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First Play: Jolie Holland and Samantha Parton, Wildflower Blues

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Holly Gordon

Jolie Holland and Samantha Parton have known each other for nearly two decades, briefly making music together when they co-founded Vancouver’s the Be Good Tanyas — with Frazey Ford and Trish Klein — in 1999. While Holland left the band after its 2000 debut album, she knew that wasn’t the end.

“When I left,” Holland said in a statement, “I didn’t feel like I was done making music with Sam.”

Wildflower Blues is the result of that resolve. Seven original songs plus three covers — Townes Van Zandt’s “You Are Not Needed Now,” Michael Hurley’s “Jocko's Lament” and a rewrite of Bob Dylan’s “Minstrel Boy” — make up this first album for Holland and Parton as a duo. And from the sound of their flawless, supportive harmonies and the space they make for each other on every track, it can’t be the last.

Parton was still recovering from two serious car accidents — in 2012 and 2013 — when Holland contacted her to work together.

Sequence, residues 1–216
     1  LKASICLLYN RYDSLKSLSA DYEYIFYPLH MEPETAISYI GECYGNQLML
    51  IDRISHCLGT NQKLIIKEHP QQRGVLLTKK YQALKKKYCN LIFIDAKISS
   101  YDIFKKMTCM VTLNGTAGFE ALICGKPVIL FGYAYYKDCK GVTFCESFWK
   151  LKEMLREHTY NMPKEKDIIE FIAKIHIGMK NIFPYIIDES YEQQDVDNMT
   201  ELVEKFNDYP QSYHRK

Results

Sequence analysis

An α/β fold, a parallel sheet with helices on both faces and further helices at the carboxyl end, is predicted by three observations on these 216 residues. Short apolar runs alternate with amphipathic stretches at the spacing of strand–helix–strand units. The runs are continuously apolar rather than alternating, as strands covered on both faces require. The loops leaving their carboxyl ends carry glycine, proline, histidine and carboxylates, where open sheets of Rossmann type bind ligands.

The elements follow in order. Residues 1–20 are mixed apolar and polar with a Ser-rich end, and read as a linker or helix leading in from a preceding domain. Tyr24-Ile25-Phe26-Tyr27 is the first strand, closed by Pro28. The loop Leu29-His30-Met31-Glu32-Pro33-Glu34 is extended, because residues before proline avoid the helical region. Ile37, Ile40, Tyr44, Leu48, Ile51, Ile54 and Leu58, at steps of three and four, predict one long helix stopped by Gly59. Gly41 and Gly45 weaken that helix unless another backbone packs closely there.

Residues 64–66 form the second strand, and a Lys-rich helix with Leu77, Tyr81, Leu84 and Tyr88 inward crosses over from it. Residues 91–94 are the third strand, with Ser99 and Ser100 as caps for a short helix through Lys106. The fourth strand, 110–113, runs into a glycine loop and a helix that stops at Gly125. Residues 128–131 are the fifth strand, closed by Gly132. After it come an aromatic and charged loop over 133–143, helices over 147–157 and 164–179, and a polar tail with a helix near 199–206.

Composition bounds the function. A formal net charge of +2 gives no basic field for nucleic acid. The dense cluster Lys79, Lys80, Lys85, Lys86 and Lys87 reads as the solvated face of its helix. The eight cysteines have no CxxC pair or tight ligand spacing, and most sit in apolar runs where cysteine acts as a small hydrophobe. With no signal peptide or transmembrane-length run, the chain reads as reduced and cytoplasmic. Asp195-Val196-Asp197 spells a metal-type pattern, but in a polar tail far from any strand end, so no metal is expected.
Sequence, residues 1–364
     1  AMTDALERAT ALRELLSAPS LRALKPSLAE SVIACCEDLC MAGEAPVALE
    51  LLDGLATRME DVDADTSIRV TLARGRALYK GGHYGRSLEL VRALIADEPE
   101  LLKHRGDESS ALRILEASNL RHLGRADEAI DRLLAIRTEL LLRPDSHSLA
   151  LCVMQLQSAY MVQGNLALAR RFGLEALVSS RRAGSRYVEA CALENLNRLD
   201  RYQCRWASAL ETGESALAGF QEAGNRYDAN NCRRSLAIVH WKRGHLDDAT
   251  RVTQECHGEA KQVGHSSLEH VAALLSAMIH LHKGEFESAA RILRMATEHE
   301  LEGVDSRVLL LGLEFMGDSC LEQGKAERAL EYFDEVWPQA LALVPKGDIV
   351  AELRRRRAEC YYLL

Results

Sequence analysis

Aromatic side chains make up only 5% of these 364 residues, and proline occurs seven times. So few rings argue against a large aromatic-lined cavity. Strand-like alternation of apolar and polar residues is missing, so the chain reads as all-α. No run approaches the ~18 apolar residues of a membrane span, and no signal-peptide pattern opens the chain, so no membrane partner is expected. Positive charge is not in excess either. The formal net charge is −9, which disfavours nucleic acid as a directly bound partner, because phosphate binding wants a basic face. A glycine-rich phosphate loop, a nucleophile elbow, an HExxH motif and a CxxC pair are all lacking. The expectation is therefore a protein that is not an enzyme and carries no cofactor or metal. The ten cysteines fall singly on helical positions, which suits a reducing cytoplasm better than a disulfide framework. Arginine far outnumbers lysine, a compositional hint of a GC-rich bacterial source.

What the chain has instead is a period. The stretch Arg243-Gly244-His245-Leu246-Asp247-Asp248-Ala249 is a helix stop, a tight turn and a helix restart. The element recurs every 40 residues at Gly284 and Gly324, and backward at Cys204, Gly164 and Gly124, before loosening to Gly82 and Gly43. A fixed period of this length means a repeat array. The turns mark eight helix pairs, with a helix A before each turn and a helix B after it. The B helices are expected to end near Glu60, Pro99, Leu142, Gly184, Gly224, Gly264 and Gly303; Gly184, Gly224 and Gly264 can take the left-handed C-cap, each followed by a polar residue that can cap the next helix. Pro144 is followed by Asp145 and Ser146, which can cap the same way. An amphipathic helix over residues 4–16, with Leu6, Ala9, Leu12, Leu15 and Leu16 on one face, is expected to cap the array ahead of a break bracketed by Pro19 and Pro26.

“When Jolie called me up, I was so sick of lying on my back staring at the ceiling in a doctor’s office, that I was ready to say yes to anything, whether I could do it or not,” Parton said. “I knew I could trust her to be supportive and understanding, even if I wasn’t at full capacity. She was an outstretched hand to me at a moment when I really needed that.”

The two started writing together, then headed out on a small road-testing tour — as much for the songs as for Parton, for her to ease “back into the grind of soundchecks, long drives and late nights.” After that proved successful, they recorded their album in the Portland, Ore., studio of Mike Coykendall (She & Him, Bright Eyes, M. Ward), with Stevie Weinstein-Foner (guitar), Jared Samuel (piano, bass, guitar) and Justin Veloso (drums).

While Wildflower Blues slides comfortably between its Americana contemporaries, Holland’s insistence that “the idea of genre is really unattractive” is apparent throughout. Whether it’s the bluesy bassline of the title track, Holland’s distinctive vocals pulling out the final plea of “Make it up to Me,” the quiet testament of the harmonies on “Little Black Bear” — a song that appeared on the Be Good Tanyas' A Collection but, as Parton emailed, "felt unfinished, until Jolie helped write a third verse" — or that sharp whistle on “Jocko’s Lament,” Wildflower Blues is, more than anything, about the relationship between two kindreds finding their voices together again.

Wildflower Blues will be available Sept. 8 via Holland and Parton’s own label, Cinquefoil Records. Pre-order it here.